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The 150th anniversary of the first Impressionism exhibition will be marked with an ambitious show that opens this month in Paris at the Musée d’Orsay, owner of the world’s finest collection of these works. On display in Paris 1874: Inventing Impressionism will be 130 pictures, most of which were hung in the groundbreaking 1874 show.

The word “Impressionism” did not exist at the time of the 1874 show, when it was presented as the inaugural exhibition of the Société Anonyme, a cooperative of artists, sculptors and printmakers. The word, which was originally disparaging, was coined by the critic Louis Leroy, when writing about Claude Monet’s Impression, Soleil Levant (1872) in the satirical review Le Charivari. This painting, on loan from the Musée Marmottan across town, will be the star of the show.

We will invite visitors to immerse themselves in this decisive moment, a major rupture in the history of art

It is often forgotten that what is now known as the first Impressionism exhibition actually included a wide range of art, with 165 works. Of the 30 painters, only seven became big names: Monet, Paul Cézanne, Edgar Degas, Berthe Morisot, Camille Pissarro, Pierre-Auguste Renoir and Alfred Sisley. It was they who started the revolution in art, painting in a loose and informal style, and working en plein air to capture the effects of light. Most of the other artists in the 1874 show were never regarded as Impressionists and many have almost sunk without trace.

Pierre-Auguste Renoir’s La Loge (1874) was one of the works in the first Impressionist show 150 years ago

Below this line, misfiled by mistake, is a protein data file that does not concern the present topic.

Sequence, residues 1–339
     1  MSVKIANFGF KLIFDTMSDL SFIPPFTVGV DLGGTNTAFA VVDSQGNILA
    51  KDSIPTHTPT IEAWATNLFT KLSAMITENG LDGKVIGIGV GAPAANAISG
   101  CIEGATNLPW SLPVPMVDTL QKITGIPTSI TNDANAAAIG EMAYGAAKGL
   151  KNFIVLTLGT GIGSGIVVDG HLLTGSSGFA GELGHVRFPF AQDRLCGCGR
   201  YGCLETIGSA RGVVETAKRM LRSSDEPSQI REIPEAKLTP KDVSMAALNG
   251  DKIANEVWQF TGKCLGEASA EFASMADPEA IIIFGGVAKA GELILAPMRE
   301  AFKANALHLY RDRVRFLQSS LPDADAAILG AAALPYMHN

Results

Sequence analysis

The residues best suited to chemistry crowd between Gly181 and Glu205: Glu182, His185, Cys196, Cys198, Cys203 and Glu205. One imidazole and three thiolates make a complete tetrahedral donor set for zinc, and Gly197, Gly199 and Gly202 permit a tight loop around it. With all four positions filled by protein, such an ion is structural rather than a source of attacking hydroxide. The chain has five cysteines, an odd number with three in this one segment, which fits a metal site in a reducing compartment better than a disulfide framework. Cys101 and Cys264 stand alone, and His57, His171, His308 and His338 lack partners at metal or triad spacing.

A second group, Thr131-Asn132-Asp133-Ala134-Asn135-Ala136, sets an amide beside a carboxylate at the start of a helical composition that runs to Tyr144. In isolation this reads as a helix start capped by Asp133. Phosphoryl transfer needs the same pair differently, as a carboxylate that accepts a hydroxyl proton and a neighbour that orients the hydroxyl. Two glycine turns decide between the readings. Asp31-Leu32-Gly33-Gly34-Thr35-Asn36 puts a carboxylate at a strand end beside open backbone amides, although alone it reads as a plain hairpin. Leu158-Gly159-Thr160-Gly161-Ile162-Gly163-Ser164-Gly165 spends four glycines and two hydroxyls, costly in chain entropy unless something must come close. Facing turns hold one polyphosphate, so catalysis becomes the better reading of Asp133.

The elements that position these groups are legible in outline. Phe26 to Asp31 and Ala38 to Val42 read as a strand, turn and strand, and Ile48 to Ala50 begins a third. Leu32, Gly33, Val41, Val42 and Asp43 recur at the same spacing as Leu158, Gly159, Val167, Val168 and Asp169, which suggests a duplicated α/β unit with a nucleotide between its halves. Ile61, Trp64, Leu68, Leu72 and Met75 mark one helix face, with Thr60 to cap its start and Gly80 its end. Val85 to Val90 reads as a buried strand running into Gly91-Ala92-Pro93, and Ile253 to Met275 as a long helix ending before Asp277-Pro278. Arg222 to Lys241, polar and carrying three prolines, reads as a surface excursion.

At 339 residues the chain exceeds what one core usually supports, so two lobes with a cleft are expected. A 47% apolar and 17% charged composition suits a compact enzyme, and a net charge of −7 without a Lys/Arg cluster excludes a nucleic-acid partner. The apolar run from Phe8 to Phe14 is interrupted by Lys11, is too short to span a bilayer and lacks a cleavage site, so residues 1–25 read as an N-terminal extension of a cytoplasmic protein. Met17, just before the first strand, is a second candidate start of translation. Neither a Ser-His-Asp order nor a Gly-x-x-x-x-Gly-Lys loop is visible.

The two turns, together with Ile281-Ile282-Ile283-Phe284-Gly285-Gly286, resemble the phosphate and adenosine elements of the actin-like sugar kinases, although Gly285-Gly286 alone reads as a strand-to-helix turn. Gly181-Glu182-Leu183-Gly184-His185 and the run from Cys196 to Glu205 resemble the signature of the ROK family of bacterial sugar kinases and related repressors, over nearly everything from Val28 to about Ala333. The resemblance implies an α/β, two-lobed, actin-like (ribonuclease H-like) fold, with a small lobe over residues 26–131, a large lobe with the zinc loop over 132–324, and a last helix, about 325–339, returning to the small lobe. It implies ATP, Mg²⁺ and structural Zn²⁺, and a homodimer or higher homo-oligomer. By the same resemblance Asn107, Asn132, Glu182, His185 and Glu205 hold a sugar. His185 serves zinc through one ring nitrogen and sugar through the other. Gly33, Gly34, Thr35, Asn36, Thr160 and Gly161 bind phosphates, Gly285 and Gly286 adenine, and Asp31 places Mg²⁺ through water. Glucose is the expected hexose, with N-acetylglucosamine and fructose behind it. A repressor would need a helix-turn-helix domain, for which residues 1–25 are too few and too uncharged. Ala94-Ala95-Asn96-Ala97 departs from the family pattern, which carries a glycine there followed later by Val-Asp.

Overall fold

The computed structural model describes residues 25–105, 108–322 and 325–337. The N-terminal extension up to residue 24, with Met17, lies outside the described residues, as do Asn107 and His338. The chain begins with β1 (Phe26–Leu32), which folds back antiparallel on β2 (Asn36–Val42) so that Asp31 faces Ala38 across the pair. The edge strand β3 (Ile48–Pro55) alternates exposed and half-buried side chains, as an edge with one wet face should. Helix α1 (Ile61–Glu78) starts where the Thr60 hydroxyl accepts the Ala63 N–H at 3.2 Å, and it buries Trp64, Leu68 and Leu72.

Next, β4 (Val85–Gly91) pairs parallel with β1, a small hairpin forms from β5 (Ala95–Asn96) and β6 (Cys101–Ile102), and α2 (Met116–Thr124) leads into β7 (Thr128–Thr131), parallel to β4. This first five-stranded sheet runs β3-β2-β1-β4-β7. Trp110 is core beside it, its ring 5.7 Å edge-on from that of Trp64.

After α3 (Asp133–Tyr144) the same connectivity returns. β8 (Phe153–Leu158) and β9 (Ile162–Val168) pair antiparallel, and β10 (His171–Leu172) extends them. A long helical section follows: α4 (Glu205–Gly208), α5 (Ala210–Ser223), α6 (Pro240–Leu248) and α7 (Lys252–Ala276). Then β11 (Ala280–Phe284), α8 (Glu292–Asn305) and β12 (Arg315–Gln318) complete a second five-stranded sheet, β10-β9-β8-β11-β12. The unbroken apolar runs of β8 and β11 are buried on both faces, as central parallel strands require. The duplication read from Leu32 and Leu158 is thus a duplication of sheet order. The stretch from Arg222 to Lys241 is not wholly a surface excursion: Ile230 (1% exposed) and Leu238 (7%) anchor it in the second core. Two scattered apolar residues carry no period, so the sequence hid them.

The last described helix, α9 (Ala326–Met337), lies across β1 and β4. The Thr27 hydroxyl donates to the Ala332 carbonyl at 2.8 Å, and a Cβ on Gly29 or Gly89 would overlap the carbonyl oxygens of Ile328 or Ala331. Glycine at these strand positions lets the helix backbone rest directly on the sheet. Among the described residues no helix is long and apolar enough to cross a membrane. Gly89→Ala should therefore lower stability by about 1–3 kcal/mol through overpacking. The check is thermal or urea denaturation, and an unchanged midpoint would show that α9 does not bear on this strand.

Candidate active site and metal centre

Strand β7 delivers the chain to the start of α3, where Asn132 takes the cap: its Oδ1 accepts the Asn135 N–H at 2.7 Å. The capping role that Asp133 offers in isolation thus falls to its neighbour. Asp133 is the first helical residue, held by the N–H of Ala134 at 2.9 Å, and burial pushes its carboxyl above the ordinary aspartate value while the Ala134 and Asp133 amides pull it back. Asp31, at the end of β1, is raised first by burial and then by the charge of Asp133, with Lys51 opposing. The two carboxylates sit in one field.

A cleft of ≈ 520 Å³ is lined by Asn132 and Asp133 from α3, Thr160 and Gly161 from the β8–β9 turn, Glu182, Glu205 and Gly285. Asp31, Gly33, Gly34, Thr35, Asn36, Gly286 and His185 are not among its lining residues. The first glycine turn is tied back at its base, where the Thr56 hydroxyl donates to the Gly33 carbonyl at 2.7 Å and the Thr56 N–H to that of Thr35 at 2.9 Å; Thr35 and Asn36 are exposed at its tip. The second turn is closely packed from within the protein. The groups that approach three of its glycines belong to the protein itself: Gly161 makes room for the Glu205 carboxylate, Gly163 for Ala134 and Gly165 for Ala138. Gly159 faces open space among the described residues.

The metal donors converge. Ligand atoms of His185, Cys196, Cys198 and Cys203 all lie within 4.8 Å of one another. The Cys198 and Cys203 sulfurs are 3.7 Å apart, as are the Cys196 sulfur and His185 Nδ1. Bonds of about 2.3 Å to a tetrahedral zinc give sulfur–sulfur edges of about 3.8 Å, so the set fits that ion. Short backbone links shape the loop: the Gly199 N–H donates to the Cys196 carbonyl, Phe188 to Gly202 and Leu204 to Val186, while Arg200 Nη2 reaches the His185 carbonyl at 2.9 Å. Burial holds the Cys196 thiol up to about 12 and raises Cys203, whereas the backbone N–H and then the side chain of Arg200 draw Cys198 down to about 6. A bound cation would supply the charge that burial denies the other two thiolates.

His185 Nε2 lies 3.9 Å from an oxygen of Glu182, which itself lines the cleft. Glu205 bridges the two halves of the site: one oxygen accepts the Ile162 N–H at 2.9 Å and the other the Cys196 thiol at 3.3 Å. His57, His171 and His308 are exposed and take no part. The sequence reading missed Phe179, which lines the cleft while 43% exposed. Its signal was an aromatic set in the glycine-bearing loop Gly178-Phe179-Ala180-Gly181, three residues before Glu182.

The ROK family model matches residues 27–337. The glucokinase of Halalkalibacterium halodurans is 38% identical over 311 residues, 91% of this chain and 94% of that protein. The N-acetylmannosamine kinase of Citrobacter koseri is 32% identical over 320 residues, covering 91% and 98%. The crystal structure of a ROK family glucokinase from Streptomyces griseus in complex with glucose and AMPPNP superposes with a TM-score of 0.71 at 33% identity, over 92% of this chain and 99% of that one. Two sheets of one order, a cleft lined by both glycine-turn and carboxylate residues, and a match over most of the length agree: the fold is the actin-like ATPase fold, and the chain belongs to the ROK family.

Few visitors to the 1874 exhibition would have had any idea of where Impressionism would lead: first to Post-Impressionism (a term invented in 1910 by the English artist and historian Roger Fry) and then to the development of Modernism.

As the years unfolded, Impressionism became increasingly popular with the public, and many of the most expensive paintings sold at auction during the late 20th century were by the Impressionists (although in the 21st century they have been increasingly overtaken by later artists).

Both the Museé d’Orsay and the National Gallery of Art in Washington, DC—where the exhibition will travel to in September—have made strenuous efforts to secure the loans of the most important works shown in 1874. These include Degas’s Aux courses en province (around 1869, Museum of Fine Arts, Boston), Monet’s Boulevard des Capucines (1873-74, Nelson-Atkins Museum of Art, Kansas City), Pissarro’s Matinée de juin, Pontoise (1873, Staatliche Kunsthalle Karlsruhe) and Renoir’s La Loge (1874, Courtauld Gallery, London).

Camille Pissarro’s Matinée de juin, Pontoise (1873)

In our own time, Impressionism is increasingly seen as rather dated, overtaken by numerous subsequent -isms. This has prompted the curators’ determination to re-examine its revolutionary impact in the light of fresh research, which will be revealed when the show opens in Paris. As Christophe Leribault, the Orsay director, puts it: “We will invite visitors to immerse themselves in this decisive moment, a major rupture in the history of art, and help us understand its emergence and grasp its radicality.”

The exhibition will undoubtedly be spectacular, attracting huge crowds. The 1874 exhibition received 4,000 visitors, but this year the Impressionists will likely get more than a million at the two venues.

Paris 1874: Inventing Impressionism, Musée d’Orsay, Paris, 26 March-14 July; National Gallery of Art, Washington, DC, 8 September-19 January 2025

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